On Saturday, Lexington, Va. will again be dressed up with Confederate flags and men and women in period outfits will parade through the city for the state’s largest, annual celebration of the birthdays of Robert E. Lee (Jan. 19, 1807) and Thomas “Stonewall” Jackson (Jan. 21, 1824). Both men have strong ties to the town. Jackson taught at Virginia Military Institute before the Civil War and Lee was president of what was then Washington College following the war. It is now Washington and Lee University .
Both men are also buried there; Lee at the university and Jackson at the Stonewall Jackson Memorial Cemetery.
Lee-Jackson Day is an official state holiday in Virginia—Friday is a day off for state and county workers—with recognition of Lee’s birthday dating from 1889 and the addition of Jackson’s name in 1904. When Rev. Martin Luther King’s birthday (Jan. 15, 1929) became a federal holiday in 1983, Virginia marked all three birthdays on the same date rather than give state workers two days off. It was an awkward situation that was finally resolved when the state joined the federal government in marking King’s birthday on the third Monday of the month.
The Lexington celebration has been expanded this year to include a free symposium on Friday with a discussion of what the Confederate cause meant to Lee and Jackson and their relevance to Confederate history today.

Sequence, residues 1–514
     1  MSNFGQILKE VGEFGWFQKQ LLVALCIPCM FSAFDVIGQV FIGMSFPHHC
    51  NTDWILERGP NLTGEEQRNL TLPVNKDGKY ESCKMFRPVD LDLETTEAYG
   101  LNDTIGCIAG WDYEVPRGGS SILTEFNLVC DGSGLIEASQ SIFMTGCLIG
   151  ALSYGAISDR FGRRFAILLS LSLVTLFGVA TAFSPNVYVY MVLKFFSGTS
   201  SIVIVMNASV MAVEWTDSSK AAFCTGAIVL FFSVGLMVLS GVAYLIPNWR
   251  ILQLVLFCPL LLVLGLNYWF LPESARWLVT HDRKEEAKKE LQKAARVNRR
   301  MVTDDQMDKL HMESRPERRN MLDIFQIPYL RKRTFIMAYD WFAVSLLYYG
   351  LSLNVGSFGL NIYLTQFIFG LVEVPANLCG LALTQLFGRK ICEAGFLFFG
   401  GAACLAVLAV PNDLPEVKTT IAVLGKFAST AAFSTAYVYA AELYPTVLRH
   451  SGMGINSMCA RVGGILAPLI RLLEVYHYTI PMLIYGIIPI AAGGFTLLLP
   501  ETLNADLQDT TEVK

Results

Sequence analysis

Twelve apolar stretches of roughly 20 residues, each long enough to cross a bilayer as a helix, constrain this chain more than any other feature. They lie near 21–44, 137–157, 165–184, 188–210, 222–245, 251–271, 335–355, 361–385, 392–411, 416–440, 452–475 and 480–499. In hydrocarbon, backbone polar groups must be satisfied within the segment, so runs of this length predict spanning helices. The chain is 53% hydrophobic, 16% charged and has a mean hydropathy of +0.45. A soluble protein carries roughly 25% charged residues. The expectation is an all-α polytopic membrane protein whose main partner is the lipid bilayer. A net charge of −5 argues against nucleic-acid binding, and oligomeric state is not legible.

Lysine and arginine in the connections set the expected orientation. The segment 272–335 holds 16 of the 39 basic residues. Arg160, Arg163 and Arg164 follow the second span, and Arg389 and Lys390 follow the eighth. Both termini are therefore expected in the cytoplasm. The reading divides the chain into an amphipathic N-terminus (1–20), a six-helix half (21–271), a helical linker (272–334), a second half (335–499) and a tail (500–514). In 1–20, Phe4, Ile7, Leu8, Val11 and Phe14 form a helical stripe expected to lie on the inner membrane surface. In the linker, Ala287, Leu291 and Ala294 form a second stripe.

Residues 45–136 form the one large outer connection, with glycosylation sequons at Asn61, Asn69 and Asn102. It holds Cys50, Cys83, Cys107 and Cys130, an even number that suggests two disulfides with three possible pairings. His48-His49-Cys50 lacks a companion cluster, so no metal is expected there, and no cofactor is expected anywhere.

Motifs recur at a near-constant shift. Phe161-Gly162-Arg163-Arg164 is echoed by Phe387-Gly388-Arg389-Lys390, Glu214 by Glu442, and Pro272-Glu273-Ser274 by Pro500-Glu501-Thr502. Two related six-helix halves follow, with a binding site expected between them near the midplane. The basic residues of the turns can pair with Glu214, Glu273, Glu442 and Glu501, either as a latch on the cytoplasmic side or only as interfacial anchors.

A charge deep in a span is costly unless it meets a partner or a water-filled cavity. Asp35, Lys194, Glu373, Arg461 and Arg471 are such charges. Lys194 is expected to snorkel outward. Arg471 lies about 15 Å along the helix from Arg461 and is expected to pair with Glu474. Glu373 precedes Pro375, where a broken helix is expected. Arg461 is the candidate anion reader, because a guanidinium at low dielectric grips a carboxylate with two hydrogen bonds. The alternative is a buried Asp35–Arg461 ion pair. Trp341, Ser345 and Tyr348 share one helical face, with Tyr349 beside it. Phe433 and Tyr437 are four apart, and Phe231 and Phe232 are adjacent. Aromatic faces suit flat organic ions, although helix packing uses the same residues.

On Saturday, a wreath laying and military salute is scheduled at 10 a.m. at Jackson’s gravesite, followed by the parade that will end at Lee Chapel on the university grounds where a noontime service will be held. Because the chapel is very small, an additional event is planned at noon at VMI Marshall Hall with a presentation by Jackson’s widow Anna (as played by Kelly Atkins Hinson).
Other events include a luncheon at the Virginia Horse Center and an evening ball at the same location, both of which charge an admission fee.
Last year, the Lexington City Council voted to ban all but the national flag from town-owned poles although there were strong objections by the local Sons of Confederate Veterans as well as others. Previously, the Confederate national and war flags had hung all through downtown for the annual birthday celebration. This year, members of heritage groups are expected to stand at the 33 poles and hold a Confederate flag as a protest against the council’s action.